Pawson Projects: Palmgren House, Sweden
Look at how the famed British minimalist created a contemporary house in Stockholm’s lakeside suburbs
How would you describe John Pawson, the acclaimed British minimalist architect, to a Swedish speaker? There’s a fairly good term mentioned in his new book, John Pawson: Anatomy of Minimum, in the description of the Palmgren House, a lakeside retreat the architect created in Drevviken, southern Stockholm.
“The intention was always a piece of modest architecture,” writes Alison Morris, “respectful both of budget and of the uniquely Swedish notion of appropriateness expressed in the word lagom. Like the concept of Minimum, lagom speaks of the value of a perfectly judged sufficiency, of the territory that lies between too much and too little. It embodies an approach to life that may be expressed in everything, from the way a person eats to the way they design their house.”
In Drevviken, that notion of lagom had been interpreted in a certain way architecturally, for decades. “Settlements are dominated by one-family houses, the majority of them built according to local vernacular tradition, as pitch-roofed, wooden structures, typically painted falun red and enriched with simple pierced-timber detailing.”
Pawson and his team began by drawing on these design cues. However, it soon became apparent that his client wanted something else entirely. “Familiar with Pawson’s body of work, the mental picture of the home the client wanted to create for his family was a refined composition of geometric white volumes in the Modernist tradition.”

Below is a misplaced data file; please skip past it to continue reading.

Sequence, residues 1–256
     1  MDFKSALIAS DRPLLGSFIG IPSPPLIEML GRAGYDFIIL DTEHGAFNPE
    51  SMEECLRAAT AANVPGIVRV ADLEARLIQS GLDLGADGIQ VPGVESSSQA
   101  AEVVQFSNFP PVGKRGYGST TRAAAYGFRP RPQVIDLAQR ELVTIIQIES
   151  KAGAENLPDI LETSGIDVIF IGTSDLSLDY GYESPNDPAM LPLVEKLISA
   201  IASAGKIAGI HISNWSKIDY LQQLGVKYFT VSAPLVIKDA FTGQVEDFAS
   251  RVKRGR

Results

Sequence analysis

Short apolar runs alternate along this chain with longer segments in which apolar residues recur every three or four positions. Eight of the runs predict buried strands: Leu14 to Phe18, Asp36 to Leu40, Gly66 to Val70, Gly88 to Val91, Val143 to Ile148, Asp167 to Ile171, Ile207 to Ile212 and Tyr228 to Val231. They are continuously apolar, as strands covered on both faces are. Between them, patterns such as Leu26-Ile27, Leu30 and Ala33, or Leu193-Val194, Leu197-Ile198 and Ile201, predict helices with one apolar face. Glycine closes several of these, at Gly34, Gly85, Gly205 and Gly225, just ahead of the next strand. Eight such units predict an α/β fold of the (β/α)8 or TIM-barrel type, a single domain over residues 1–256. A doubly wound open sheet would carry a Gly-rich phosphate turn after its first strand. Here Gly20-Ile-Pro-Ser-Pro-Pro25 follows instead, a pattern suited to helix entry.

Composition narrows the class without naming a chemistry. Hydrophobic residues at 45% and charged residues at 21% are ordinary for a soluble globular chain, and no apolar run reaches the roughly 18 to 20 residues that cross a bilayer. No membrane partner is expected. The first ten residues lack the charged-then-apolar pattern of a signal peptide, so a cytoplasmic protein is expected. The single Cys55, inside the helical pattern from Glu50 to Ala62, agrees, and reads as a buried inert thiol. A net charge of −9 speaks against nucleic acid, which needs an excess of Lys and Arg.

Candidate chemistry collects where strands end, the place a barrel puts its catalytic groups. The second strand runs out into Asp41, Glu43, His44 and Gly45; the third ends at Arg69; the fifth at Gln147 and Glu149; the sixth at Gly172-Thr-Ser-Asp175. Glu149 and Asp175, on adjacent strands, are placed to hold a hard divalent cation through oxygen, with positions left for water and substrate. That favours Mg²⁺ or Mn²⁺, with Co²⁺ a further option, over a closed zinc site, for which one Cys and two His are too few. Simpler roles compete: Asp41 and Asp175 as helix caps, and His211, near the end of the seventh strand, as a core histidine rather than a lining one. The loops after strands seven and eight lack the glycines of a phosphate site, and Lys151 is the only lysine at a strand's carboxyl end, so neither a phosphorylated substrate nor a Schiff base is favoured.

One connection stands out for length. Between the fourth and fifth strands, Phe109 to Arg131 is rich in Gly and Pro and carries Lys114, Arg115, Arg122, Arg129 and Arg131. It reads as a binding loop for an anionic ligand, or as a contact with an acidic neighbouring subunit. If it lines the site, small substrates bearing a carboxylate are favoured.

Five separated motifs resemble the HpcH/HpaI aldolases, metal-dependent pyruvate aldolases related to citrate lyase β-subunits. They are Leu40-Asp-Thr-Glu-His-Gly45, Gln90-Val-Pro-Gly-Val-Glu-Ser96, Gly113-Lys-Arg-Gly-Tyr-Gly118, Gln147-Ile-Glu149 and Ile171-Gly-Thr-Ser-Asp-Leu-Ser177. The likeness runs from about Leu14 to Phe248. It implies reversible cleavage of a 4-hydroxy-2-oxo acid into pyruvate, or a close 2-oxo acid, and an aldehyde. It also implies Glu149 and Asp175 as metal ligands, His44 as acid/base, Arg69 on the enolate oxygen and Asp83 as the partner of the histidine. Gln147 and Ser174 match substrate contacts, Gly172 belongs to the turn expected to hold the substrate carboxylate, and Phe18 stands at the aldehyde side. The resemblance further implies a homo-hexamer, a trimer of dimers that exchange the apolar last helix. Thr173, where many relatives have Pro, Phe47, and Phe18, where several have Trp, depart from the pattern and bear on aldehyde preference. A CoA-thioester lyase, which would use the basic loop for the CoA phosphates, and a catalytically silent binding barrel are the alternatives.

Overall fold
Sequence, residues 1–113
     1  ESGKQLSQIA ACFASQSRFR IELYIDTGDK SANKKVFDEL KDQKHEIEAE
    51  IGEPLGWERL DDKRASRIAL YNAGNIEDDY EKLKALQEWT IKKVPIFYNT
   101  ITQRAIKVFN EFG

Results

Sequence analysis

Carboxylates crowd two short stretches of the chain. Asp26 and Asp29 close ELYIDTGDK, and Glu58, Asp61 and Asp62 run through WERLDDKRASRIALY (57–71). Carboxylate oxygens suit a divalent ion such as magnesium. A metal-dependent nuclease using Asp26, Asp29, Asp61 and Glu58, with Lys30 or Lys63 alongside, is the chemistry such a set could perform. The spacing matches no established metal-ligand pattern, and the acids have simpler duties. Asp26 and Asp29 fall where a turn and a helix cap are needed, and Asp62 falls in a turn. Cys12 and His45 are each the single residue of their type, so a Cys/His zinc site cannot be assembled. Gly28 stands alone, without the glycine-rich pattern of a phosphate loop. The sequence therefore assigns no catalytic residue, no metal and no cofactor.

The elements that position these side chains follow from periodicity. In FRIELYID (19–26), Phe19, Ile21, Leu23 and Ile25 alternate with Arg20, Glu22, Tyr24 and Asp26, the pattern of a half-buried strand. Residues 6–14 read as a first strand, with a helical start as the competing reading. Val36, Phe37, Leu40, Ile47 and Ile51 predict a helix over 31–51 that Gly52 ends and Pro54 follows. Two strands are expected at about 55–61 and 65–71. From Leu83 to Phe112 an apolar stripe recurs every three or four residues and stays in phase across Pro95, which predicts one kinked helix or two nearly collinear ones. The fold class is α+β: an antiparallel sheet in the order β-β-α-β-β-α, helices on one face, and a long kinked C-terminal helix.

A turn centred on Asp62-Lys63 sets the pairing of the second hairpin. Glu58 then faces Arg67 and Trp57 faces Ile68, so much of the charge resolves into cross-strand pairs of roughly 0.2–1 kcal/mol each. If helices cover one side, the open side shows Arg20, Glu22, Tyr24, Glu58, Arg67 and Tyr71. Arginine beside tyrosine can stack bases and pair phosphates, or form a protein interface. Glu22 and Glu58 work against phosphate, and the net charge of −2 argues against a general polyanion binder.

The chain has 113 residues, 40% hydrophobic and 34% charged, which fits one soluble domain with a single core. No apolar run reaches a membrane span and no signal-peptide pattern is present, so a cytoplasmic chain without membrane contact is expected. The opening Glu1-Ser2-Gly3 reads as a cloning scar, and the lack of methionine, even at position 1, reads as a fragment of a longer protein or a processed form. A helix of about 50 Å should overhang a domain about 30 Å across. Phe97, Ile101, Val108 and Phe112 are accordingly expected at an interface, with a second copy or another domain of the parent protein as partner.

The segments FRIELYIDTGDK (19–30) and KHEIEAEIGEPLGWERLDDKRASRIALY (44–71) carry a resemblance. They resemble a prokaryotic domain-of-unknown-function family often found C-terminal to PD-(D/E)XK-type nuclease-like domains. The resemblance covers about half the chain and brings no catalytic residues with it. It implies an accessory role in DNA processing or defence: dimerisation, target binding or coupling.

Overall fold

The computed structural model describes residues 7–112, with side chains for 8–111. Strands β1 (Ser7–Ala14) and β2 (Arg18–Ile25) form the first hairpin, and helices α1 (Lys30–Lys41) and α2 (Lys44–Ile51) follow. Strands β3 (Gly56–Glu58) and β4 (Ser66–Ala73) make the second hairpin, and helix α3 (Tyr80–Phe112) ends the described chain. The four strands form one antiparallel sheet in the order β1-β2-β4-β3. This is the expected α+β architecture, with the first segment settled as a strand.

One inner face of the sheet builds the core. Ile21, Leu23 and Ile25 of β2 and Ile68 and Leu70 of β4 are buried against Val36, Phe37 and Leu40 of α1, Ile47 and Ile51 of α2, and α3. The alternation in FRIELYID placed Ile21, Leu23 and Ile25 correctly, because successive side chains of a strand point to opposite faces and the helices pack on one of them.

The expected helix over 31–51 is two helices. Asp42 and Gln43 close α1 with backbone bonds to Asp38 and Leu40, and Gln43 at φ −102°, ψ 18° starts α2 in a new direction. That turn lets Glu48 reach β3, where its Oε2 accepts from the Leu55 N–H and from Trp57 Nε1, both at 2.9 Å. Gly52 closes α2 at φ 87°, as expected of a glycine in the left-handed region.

Pivoting, Pawson delivered a beautiful building that met this brief, while also responding to the immediate surroundings. “The finished architecture takes the form of a simple assemblage of boxes with an enclosed courtyard at the back and a terrace to the front,” writes Morris. “Uncompromisingly contemporary, the house is nonetheless a quiet presence in the landscape. In winter, when the neighbourhood is covered in snow, the pale geometric masses are all but invisible.
“In summer, viewed from across the water, the elevations are fragmented by foliage. From the street an attenuated line of stone steps ascends the contours of the site, rising past the rocky outcrop on which the house sits like a miniature medieval citadel. At the top of the slope the path winds up round the north and west elevations, before turning into a narrow alley between two volumes, the meticulous formalization of the process of entry setting the defining tone of quiet order.”
Now, that’s perfectly judged sufficiency, Pawson style. To see more of John Pawson’s projects get a copy of John Pawson: Anatomy of Minimum. The monograph, the latest in Phaidon's documentation of Pawson's stellar career, hones in on the essential details that mark his distinctive architectural and aesthetic style.
It groups a selection of his recent works into domestic projects, including his own house in rural England; extended sacred spaces; and repurposed structures, such as London's Design Museum. Throughout its pages, this book explores Pawson's unique approach to proportion and light and his precise language of windows, doors, and walls. You can buy John Pawson: Anatomy of Minimum here.